Healthy Kids, Healthy Minds legislation provides necessary student supports in every school

Nearly all 29 of Sylvia Qualls’ fifth-grade students have experienced trauma. Some are in homeless shelters, others in foster care. Some face domestic violence. Their lives are affected by drugs, alcohol and gangs.

Qualls says the 550 children at Mintie White Elementary School in Watsonville have little access to psychological services. The school shares with two other sites a psychologist who spends much of her time attending individualized learning meetings and assessing students for resource specialist services. Though an intern counselor sees individuals and small groups two days a week, many of Qualls’ students get no counseling in or out of school.

Many of Qualls’ students have asthma, diabetes, ADHD, life-threatening food allergies and undiagnosed problems that prevent them from learning.

“I don’t have the ability to diagnose common maladies,” said Qualls. The certificated school nurse is on campus only one day a week. 

The library is staffed by a part-time library tech and closed after school. Many of Qualls’ students can’t get to the public library. “If students are expected to do project-based learning and think critically, they need access to a library with current materials, and someone to introduce them to literature and digital literacy.” 

The Pajaro Valley Federation of Teachers’ member sees the CFT’s Healthy Kids, Healthy Minds legislation as a big step toward addressing these gaps. AB 1955 will take advantage of Medi-Cal funding to put a nurse and a mental health professional in every school. It will make sure libraries are open before and after school.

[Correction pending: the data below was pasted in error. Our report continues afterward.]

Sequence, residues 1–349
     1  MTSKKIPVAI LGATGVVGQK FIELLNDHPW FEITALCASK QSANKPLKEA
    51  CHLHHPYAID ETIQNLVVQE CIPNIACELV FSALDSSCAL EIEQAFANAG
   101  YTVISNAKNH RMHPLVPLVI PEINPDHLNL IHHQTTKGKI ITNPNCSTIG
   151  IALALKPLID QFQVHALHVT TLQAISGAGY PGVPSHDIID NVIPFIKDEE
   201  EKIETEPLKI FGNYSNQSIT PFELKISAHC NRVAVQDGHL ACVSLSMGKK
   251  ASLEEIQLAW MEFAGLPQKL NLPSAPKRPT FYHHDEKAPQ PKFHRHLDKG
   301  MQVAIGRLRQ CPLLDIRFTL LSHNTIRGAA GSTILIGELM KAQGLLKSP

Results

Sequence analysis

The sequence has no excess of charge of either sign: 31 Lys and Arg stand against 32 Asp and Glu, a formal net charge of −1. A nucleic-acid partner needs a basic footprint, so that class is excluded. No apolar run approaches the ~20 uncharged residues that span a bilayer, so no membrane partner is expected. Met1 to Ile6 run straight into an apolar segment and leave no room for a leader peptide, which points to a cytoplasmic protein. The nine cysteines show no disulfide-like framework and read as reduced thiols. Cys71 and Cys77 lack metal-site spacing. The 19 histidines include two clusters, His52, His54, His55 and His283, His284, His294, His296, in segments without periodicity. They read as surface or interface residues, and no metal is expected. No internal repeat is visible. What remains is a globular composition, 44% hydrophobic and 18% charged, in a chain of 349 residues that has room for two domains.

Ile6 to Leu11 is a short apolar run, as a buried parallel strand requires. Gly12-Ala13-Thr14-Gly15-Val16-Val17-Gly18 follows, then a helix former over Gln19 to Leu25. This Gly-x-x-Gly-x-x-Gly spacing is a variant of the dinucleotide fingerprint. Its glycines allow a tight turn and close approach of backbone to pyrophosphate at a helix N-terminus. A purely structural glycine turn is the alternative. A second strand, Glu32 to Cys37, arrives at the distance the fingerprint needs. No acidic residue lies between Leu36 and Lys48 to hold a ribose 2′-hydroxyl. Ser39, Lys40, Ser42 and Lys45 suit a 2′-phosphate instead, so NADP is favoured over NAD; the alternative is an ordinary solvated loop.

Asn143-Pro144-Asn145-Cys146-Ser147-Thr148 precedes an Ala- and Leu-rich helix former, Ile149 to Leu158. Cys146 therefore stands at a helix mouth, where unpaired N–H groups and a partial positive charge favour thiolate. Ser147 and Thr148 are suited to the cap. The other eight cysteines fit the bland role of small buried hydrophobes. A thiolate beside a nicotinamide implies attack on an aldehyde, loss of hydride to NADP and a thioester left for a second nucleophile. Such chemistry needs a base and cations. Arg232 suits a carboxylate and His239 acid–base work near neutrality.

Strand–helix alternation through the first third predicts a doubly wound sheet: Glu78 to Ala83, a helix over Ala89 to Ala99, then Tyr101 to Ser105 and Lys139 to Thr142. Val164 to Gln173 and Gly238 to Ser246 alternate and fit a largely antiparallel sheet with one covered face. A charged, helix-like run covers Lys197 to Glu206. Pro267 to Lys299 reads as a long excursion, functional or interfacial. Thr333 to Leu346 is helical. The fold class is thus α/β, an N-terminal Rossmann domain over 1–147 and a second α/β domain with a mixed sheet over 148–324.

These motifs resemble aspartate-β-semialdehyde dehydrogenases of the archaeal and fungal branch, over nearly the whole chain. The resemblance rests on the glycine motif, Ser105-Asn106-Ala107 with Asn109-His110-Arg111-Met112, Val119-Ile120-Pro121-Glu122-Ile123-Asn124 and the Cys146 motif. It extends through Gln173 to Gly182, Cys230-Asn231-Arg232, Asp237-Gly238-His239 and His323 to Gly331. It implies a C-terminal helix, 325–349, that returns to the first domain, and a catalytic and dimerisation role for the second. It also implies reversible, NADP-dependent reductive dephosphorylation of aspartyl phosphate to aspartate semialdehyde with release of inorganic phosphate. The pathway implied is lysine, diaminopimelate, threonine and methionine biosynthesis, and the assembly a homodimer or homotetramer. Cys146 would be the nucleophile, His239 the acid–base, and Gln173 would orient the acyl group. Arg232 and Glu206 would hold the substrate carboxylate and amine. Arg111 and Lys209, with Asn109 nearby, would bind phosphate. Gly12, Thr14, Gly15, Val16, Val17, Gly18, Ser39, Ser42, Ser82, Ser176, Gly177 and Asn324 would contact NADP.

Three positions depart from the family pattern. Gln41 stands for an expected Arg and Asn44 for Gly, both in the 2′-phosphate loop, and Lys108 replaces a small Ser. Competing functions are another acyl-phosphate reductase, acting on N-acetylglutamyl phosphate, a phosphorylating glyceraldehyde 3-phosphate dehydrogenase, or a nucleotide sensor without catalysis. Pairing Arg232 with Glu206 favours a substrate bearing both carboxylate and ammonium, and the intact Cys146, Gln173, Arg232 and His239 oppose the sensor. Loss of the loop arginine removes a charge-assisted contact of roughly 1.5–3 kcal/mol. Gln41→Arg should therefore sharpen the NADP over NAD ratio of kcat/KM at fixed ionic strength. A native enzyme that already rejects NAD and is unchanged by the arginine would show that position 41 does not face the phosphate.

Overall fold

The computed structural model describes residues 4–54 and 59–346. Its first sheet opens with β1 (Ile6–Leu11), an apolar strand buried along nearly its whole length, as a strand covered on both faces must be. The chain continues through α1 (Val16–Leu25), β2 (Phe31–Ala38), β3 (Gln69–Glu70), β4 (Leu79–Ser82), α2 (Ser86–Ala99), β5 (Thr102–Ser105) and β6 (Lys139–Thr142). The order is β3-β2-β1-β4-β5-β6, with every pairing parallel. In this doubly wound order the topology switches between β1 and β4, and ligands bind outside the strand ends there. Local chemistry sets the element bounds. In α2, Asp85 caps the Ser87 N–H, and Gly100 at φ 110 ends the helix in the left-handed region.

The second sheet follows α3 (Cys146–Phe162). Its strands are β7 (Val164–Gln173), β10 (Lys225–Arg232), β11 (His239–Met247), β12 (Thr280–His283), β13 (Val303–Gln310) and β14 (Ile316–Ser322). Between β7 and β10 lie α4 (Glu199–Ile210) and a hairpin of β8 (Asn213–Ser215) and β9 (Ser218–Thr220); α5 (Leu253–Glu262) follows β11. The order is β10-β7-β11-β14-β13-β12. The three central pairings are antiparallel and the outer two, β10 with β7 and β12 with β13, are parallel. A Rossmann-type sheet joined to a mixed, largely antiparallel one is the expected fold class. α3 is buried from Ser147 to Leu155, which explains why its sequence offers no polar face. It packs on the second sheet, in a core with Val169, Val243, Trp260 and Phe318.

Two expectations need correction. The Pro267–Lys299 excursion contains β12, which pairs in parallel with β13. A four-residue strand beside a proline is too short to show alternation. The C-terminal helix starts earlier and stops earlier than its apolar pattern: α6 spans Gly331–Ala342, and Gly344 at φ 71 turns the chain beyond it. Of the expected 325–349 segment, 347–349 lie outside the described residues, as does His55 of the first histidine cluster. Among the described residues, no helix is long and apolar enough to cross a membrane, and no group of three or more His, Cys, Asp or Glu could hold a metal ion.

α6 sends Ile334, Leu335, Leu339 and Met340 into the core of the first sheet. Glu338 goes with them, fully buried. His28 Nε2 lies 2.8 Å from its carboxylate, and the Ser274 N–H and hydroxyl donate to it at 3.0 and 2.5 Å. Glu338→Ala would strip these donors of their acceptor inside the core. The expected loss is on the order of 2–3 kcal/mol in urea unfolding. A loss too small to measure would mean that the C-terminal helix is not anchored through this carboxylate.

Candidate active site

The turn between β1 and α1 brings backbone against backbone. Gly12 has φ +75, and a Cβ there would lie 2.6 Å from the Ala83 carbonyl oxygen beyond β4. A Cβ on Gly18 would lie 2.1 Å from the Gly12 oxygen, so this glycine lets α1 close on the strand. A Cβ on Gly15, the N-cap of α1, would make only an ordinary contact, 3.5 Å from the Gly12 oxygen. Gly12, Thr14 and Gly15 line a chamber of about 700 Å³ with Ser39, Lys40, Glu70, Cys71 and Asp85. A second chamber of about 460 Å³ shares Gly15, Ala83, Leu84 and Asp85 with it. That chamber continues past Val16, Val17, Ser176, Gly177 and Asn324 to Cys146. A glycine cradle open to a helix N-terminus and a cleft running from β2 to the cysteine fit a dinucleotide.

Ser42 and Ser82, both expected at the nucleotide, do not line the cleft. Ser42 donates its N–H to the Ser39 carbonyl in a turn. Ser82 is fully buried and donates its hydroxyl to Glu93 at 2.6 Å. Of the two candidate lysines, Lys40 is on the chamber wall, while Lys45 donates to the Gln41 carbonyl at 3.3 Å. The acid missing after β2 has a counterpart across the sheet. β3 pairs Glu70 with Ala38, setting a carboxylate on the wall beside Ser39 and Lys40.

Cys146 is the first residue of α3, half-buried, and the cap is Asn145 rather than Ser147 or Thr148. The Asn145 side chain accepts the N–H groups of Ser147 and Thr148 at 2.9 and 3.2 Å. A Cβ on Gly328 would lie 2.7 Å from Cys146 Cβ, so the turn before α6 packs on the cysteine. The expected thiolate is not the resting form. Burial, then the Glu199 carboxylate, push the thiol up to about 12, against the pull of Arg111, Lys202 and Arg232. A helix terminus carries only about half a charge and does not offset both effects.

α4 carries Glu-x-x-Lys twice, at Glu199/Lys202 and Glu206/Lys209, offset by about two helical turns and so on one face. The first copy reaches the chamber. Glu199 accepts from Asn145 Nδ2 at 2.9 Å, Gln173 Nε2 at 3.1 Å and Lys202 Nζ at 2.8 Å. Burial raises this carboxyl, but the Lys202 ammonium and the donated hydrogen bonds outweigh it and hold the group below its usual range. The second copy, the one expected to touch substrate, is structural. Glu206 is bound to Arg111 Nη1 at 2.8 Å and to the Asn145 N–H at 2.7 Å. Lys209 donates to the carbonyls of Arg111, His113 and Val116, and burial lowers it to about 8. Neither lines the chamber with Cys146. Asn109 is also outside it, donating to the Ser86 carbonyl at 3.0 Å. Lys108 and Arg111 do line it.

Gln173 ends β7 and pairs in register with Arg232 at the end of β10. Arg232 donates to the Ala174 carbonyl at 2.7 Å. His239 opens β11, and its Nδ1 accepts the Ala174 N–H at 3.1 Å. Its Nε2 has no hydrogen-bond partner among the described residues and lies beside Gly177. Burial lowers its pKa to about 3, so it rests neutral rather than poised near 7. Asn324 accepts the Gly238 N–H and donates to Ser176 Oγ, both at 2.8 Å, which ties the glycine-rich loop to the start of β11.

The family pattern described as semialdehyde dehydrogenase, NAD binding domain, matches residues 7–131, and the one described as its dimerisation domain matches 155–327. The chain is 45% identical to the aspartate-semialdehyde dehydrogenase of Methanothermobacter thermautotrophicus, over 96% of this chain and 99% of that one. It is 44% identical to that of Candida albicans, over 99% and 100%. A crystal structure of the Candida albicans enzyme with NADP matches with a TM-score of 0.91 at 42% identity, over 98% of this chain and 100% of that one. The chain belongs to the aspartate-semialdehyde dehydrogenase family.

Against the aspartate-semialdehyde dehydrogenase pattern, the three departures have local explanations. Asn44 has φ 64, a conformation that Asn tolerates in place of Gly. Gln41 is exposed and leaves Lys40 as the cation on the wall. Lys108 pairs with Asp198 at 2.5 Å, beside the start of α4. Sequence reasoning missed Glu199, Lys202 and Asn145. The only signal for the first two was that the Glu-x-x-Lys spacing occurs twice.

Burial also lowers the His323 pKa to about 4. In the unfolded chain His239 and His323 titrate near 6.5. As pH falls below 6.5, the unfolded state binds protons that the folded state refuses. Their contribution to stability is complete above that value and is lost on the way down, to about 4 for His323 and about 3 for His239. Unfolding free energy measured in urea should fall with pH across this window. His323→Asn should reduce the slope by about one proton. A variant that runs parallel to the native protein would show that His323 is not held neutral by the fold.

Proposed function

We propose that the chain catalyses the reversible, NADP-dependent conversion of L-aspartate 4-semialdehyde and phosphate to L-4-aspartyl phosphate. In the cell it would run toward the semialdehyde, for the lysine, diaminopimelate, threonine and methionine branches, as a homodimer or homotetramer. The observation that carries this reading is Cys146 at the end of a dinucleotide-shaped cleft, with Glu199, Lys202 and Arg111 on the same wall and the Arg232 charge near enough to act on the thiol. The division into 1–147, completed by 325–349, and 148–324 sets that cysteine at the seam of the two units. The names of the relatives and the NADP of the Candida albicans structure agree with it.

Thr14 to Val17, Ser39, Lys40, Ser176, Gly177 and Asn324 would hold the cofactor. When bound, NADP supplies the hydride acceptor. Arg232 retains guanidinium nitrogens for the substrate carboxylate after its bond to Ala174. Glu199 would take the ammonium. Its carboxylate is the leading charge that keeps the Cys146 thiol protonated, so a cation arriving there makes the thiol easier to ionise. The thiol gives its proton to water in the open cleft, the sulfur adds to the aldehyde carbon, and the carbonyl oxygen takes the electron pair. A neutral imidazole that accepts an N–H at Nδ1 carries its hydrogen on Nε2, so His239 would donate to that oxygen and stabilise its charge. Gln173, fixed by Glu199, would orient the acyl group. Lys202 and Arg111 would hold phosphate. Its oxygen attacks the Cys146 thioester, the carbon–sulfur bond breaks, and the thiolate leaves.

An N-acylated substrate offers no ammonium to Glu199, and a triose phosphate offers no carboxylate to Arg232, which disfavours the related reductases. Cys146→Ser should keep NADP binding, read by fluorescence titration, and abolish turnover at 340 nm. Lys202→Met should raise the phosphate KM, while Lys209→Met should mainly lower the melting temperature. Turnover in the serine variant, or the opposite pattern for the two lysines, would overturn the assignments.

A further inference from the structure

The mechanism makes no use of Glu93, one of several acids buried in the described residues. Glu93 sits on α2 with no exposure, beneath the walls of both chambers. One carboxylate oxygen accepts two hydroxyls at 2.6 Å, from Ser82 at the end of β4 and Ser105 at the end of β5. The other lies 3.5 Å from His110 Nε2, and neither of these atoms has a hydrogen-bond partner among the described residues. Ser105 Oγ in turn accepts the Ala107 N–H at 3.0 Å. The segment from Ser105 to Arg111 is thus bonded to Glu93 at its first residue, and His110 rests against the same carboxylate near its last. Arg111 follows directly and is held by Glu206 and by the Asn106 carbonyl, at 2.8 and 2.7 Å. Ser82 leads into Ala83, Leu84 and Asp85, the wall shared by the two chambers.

“We want kids to be in class, but students need services that teachers cannot provide.”

Joann Borbolla is a counselor at E.A. Hall Middle School, also in Watsonville, where approximately 600 students share the same challenges as Qualls’ students. Borbolla meets weekly with the highest-risk students. She facilitates drug and alcohol groups three times a week and does ongoing crisis intervention.

“Kids bring so many issues to the classroom in addition to typical adolescent problems,” she says. Borbolla observes students in class, visits homes to understand family situations and helps teachers plan behavior modifications. She refers many students and families to agencies outside school where they are often put on waiting lists. Borbolla says academic success depends upon a multifaceted approach with teams of teachers, counselors and nurses.

In Oxnard, school nurse Diane Garcia is stretched thin. Although the recommended ratio of nurse to students with complex medical needs is 1:125, she serves 2,200 regular and special education students at one site and travels to a continuation school up to three times a month. Garcia knows that AB 1955 would provide critical support for hundreds of kids with health and emotional needs.

In contrast, Oxnard High School’s certificated librarian, Jennifer Brickey, feels fortunate to have the support and budget she needs. The library is open before and after school. She works with classes during scheduled times. In an average week, 200 students get library passes to research or finish assignments. 

With a largely immigrant, limited English-speaking population, Brickey feels a responsibility to establish a culture of literacy and positive learning relationships. “Libraries should be in the forefront of Common Core implementation, and adjust to the new demands of teaching.”

Wes Davis, president of the Oxnard Federation and a social studies teacher, sees AB 1955 as a social justice issue. “We must ensure the academic success of our students even when they do not get their health and emotional needs met at home,” he said. “We want kids to be in class, but students need services that teachers cannot provide.”

“If we can provide care after school instead of sending them home, kids won’t miss out on learning. When a kid is sick and we have to ask a parent to leave work, we place a huge burden on that family.”
“Healthy Kids, Healthy Minds will ultimately save the schools money,” Davis concludes. “It’s smart legislation.”
— By Mindy Pines, CFT Reporter